With just one week to go before Christmas, Pope Benedict XVI told thousands in Saint Peter's Square to prepare to receive Jesus into their lives. But for many of the pilgrims this will be a different Christmas at the Vatican, with a new pope.
Pope Benedict was speaking to thousands gathered under his study window in Saint Peter's Square. It was a chilly day, but there were blue skies and a brilliant sun was shining.
He urged collection and prayer in silence in a world, which he said, is often too noisy and does not favor listening to the word of God. Earlier, the pope visited a Rome parish, saying that the true gift of this festivity is joy and not expensive presents.
Like every year, in the middle of Saint Peter's Square stands a giant fir tree. A life-size nativity scene is covered and will soon be revealed. Everything looks the same as in past years, but this will be a different Christmas at the Vatican.
For the first time in 27 years, the pope who will celebrate midnight mass on December 24 has changed.
Pope Benedict was elected just nine months ago. Many say they are still getting used to new pope and his style and that they miss the Polish pope, John Paul II.
A Colombian student said for him it would be a special Christmas because this is his first visit to the Vatican. He said there is a feeling of novelty, but this pope is still the head of the church and so just as important. But memories of his predecessor, he said, leave us with a feeling of emptiness.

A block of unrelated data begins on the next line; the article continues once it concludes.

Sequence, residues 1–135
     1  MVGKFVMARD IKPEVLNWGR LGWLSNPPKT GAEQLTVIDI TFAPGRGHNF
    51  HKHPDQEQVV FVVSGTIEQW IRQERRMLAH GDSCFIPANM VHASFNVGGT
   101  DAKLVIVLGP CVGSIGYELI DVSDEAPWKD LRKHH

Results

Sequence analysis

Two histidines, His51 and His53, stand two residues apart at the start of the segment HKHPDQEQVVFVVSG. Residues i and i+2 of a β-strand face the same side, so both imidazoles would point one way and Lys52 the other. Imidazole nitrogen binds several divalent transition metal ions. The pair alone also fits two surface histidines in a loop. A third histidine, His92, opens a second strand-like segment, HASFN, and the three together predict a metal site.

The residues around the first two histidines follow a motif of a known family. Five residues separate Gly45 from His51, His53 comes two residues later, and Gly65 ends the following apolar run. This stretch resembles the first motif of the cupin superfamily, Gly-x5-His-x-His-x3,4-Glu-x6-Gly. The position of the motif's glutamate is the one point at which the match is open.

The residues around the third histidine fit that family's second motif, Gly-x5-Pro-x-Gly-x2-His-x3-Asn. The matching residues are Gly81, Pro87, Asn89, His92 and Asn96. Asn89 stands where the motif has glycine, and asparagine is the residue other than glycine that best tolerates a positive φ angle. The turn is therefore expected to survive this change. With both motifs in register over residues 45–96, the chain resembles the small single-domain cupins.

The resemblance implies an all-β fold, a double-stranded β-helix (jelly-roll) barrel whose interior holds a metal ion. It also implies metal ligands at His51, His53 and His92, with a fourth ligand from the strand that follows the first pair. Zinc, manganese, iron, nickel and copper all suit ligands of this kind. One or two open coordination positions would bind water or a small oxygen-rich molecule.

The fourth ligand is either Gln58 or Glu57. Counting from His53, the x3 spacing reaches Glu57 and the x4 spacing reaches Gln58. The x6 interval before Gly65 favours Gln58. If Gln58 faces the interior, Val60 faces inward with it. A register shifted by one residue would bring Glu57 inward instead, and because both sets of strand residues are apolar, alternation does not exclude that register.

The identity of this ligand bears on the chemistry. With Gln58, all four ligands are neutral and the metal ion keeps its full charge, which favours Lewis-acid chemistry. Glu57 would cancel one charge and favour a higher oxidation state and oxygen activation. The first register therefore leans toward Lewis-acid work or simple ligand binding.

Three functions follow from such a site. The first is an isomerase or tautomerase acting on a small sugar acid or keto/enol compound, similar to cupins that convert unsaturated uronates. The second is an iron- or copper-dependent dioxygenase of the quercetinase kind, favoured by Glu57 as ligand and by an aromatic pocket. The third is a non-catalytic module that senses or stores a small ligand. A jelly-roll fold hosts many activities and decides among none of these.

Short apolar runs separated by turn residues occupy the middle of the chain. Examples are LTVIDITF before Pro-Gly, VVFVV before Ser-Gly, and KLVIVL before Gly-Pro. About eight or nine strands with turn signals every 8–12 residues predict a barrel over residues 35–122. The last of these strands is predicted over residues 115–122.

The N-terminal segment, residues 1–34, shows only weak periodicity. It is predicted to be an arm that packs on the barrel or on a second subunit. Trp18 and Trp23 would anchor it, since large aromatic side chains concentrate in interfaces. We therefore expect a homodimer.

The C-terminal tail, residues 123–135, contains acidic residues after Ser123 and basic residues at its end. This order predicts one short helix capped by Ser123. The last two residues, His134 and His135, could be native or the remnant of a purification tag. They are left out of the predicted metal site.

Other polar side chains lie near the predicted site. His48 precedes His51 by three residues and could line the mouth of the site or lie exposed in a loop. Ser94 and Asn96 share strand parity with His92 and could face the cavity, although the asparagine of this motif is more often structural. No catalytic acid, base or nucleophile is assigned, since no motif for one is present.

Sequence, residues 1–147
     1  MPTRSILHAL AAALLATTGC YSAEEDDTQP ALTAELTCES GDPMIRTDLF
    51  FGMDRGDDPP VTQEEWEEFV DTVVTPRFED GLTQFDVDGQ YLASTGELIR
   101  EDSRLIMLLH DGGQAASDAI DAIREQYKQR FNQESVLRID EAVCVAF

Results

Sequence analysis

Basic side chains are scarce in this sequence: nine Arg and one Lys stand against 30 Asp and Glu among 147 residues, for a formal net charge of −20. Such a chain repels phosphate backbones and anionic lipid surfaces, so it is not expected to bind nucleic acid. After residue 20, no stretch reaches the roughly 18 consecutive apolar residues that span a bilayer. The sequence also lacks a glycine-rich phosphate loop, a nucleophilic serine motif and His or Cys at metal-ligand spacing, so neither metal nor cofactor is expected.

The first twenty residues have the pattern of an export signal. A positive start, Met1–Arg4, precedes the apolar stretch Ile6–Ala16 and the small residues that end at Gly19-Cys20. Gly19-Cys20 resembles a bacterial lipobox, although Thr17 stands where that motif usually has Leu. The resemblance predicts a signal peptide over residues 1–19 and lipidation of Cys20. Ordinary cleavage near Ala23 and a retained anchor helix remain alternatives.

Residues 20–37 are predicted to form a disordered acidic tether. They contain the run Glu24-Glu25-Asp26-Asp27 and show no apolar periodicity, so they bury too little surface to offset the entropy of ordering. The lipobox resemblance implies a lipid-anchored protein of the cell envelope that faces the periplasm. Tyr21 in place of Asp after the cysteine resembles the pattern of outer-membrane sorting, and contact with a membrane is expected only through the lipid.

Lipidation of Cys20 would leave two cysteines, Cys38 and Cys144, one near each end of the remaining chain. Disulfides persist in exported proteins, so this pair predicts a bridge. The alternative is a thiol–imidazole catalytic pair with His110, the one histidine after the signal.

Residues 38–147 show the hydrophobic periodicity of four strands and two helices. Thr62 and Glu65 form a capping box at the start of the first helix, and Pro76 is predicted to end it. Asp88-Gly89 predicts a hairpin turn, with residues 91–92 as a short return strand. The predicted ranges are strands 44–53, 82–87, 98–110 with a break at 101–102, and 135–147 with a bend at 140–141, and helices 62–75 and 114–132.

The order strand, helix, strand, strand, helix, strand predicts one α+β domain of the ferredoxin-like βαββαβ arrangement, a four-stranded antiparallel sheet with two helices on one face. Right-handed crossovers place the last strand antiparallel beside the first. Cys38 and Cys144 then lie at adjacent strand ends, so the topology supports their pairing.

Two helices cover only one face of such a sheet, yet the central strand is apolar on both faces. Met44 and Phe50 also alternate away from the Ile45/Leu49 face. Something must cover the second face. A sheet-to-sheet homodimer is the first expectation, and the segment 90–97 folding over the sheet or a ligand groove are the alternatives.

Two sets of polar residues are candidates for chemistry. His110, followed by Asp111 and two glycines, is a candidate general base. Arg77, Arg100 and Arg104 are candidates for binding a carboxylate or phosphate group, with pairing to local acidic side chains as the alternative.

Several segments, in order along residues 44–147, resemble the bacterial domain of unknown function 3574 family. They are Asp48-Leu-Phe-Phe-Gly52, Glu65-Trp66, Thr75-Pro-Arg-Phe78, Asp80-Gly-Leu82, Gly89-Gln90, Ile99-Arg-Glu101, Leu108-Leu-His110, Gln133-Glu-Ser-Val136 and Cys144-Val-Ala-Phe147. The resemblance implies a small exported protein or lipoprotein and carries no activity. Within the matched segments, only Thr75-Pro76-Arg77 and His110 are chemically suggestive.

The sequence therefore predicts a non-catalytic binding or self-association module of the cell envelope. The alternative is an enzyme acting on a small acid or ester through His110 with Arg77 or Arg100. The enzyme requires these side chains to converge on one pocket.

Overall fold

Other youngsters in Saint Peter's Square, who until now had known no other pope, say they miss John Paul and that this Christmas will be different. They say his death and funeral in April affected everyone, and that his last appearance at his study window was a lesson in compassion with all those who are suffering.
Many say it is difficult to get used to someone else, but are quick to add that the new pope's message will not differ from that of his predecessor because both want peace for humanity.
Father Robert Guessetto, an American priest who lives and works in Rome, says that although the faithful miss Pope John Paul, the crowds have been very large lately in Saint Peter's Square, because many are curious to meet the new pope.
"It was a long time and I think people got to admire greatly Pope John Paul II and they knew him and they were accustomed to his way of being with the people and so it is taking a little while to come to know this new pope," he explained. "So it will be different as they come to see his style, but the sense is that it is a style that is attracting a lot of people."
Father Guessetto will be among the millions who will be listening to Pope Benedict's message to the world on Christmas Day. But this Christmas may well be remembered as the Christmas of the two popes, as thousands still line up outside the basilica to pay tribute at the tomb of the Polish pope.